Whether you’re an expectant or experienced parent, grandparent, or caregiver, you’ve probably heard of SIDS, or sudden infant death syndrome… and it’s scary. Although the exact cause is unknown, every person in an infant’s life can take action to help keep them safe.
Precaution begins even before birth, as studies show that a mother’s health can have an impact on protecting their baby against SIDS. Regular prenatal visits, stopping smoking, and abstaining from drugs and alcohol are three critical steps pregnant women can take to reduce risk. Mothers-to-be and their families can rely on the county-by-county Bootheel Community Resource Guide to connect with the services and professionals who can help.
In the Bootheel, unsafe sleep habits contribute to as many as 75% of infant deaths. That’s why every infant’s home should have a safe sleep environment. Families and caregivers can play an active, positive role in an infant’s first year when they establish and commit to the following ABC’S of safe sleep – Alone, on their Backs, in a Crib – to reduce SIDS risk:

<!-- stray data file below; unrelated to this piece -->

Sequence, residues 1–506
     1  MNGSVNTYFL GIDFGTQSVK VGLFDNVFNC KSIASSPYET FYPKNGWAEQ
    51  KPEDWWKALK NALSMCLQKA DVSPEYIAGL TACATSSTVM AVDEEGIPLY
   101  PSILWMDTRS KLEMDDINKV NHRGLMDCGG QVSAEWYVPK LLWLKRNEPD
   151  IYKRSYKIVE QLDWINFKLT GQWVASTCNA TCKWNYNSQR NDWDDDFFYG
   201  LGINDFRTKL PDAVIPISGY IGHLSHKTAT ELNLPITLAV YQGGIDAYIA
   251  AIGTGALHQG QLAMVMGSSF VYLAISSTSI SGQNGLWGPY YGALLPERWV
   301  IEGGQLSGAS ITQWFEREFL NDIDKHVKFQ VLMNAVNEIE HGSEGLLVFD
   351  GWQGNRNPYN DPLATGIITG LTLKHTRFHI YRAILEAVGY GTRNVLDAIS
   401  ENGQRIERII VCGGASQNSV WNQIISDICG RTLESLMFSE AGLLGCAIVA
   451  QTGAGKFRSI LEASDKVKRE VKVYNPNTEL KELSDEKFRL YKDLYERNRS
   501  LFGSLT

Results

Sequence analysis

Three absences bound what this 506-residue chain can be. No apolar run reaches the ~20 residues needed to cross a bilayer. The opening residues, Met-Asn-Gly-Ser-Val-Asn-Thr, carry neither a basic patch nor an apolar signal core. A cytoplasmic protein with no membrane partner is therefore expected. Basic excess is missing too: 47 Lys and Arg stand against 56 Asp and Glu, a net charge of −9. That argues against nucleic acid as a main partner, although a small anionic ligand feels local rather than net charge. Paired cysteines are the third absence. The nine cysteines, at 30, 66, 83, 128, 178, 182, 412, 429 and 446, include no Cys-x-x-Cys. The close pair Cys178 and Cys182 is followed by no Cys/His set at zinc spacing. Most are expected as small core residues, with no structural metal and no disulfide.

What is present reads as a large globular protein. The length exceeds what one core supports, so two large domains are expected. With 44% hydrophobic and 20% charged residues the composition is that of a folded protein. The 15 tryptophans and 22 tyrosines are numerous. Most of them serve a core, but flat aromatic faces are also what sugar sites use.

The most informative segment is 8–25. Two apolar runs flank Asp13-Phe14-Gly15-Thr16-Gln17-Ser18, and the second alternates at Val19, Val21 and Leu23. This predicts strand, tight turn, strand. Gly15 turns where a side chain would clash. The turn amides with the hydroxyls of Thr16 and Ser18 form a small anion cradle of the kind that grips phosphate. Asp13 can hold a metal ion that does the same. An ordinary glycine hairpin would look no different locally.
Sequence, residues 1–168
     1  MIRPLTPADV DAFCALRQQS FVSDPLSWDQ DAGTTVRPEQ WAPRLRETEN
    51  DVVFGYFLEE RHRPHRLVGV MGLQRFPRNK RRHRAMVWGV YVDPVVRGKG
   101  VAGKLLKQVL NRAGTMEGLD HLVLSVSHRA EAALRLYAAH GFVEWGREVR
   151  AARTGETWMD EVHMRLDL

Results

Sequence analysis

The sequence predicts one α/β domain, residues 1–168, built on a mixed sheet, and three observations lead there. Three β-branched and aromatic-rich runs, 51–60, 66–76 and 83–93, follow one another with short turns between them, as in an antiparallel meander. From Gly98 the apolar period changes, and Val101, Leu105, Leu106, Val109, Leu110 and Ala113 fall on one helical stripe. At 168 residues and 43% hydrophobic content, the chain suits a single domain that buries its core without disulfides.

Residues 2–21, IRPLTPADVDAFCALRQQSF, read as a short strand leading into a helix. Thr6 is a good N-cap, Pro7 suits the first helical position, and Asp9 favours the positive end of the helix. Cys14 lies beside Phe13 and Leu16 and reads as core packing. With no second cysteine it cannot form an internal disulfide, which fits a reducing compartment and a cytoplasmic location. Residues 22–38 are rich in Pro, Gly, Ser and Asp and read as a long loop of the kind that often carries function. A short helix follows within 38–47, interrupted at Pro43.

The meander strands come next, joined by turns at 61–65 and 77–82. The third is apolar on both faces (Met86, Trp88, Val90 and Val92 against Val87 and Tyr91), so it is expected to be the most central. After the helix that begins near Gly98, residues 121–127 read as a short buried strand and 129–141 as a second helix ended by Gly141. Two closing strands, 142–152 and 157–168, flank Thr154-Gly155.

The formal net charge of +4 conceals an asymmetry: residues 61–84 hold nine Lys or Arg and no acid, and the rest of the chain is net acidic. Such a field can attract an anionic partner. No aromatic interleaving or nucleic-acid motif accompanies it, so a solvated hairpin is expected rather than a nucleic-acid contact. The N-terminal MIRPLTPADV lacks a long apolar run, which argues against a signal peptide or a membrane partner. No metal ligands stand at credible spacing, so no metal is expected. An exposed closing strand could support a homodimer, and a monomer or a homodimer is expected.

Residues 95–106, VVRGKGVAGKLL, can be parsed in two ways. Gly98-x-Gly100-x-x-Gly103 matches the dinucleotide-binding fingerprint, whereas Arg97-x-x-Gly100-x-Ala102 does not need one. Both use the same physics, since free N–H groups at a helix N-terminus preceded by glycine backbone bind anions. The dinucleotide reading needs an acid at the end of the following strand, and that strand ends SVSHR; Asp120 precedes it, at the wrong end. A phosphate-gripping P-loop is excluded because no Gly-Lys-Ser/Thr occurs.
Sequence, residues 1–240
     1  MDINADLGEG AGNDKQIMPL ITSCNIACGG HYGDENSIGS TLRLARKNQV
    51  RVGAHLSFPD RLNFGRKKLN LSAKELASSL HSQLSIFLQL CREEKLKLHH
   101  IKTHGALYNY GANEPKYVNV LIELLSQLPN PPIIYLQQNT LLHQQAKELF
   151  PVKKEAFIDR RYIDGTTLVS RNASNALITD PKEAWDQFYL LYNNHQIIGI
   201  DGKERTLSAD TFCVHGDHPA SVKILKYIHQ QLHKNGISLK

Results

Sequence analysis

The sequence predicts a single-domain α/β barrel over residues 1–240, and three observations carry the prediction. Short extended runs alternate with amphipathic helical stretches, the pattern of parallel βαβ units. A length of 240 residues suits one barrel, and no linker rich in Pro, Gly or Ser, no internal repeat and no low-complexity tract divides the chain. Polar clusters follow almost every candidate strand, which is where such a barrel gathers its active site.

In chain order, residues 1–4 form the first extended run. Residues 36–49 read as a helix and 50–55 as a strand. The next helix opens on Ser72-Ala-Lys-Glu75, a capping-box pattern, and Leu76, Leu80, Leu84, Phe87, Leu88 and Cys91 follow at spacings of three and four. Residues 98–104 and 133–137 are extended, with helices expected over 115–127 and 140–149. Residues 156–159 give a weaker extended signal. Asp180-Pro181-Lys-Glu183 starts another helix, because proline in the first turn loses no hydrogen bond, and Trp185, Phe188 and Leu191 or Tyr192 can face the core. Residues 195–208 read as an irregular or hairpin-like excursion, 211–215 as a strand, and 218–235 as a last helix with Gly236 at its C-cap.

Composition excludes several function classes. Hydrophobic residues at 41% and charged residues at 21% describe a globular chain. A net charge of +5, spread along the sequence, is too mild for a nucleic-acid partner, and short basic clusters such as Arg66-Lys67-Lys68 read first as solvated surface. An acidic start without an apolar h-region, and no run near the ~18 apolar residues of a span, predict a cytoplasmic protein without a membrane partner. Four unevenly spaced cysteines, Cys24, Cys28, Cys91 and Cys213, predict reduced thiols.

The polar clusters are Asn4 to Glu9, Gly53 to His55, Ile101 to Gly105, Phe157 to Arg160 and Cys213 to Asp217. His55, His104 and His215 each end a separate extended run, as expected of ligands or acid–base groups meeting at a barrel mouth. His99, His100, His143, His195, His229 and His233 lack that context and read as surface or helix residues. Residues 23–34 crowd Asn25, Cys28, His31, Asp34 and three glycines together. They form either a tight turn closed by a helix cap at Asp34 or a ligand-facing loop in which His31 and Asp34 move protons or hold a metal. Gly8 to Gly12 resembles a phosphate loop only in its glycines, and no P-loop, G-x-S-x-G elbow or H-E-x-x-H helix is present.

- Alone: Always put your baby to sleep by themselves in a crib or other safe sleep environment. Babies who share a bed are at significantly higher risk of sleep-related death than those who don’t.
- On their Back: Babies who sleep on their backs are at a significantly lower risk of SIDS and sleep-related injuries. Until their first birthdays and for all sleep times – including naps and at night – make sure to place your baby on their back.
- Crib or other safe sleep surface: A firm mattress and tightly-fitted sheets are all that should be in an infant’s sleep environment. Blankets, crib bumpers, pillows, and stuffed toys are all suffocation hazards.
While physicians and scientists continue their vital work to unlock SIDS’s mystery, the action steps presented here work to decrease the risk for your baby. During October, SIDS Awareness Month, everyone can begin a conversation about what infants need – and don’t need – to have a strong start in life.